If you’re making this recipe properly, there’s a way that you can achieve that. Unfortunately, though, it requires some rather specific temperature control and I don’t own a cooking thermometer. I didn’t have any way of knowing if I was keeping my apples between 70°c and 85°c when I was precooking them and, as it turns out, I wasn’t.

Had I succeeded in doing so, the apples’ own enzymes would have converted that pectin to a more heat-stable form but, as was, the fruit just turned to mush when I was reducing their juices.

Perhaps, at some point in the future, I will return with better equipment to work out how best to fix the consistency of my filling. Until then, though, here’s what I did:

I began by filling a pan with just enough water to cover my apples – Two cups, as it turned out – and adding the lemon, chilli and sugar. Basically everything but the pastry and the apples and the apples were going in next. Just as soon as I’d peeled, chopped and cored them.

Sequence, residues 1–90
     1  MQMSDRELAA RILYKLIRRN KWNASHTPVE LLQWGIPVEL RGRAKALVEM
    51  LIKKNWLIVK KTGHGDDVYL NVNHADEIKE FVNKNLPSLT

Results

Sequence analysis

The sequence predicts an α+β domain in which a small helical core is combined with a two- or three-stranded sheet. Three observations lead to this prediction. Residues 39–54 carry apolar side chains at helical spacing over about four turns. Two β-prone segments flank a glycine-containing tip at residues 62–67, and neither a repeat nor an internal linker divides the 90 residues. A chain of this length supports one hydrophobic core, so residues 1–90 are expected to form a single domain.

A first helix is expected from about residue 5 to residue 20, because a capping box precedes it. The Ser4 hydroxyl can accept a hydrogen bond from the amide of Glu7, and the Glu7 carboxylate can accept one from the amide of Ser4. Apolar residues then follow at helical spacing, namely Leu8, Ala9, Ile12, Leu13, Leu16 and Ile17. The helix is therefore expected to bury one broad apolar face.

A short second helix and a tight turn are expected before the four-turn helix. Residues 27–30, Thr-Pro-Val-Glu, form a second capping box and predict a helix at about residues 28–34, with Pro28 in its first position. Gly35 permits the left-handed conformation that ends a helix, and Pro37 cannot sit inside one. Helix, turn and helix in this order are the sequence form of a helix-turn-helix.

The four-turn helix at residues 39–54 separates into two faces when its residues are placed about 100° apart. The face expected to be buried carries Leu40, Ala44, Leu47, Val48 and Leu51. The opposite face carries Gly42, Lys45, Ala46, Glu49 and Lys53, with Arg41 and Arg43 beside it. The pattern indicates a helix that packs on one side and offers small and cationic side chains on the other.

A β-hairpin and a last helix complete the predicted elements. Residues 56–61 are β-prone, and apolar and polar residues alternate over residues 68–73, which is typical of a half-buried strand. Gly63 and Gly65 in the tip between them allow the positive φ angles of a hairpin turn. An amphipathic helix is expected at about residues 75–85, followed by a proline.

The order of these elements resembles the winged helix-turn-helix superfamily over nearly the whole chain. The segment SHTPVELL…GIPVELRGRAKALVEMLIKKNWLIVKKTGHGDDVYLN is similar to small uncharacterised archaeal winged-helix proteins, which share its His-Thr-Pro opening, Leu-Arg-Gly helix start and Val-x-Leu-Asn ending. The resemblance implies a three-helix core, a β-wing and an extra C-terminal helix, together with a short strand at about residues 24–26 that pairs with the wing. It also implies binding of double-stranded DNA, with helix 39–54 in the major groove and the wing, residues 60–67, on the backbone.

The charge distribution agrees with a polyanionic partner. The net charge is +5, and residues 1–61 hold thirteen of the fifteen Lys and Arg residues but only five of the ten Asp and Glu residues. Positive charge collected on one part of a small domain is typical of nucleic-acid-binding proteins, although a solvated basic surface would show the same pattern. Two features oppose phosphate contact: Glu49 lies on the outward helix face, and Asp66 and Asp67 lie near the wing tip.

A simple task to match the simple water bath preserving them but I should probably mention that each slice was around a half centimetre thick. It will, after all, make a difference to how quickly they cook through.

Next, I spent five minutes bringing my pan up to temperature on a medium flame, before turning it right down to a simmer for the next twenty. Stirring the whole time, to be sure that the pieces all cooked evenly and to get a sense of how they were holding up.

By this point, they’d traded in all of their slight hints of green for a tiny touch of brown that suggested that they were cooked.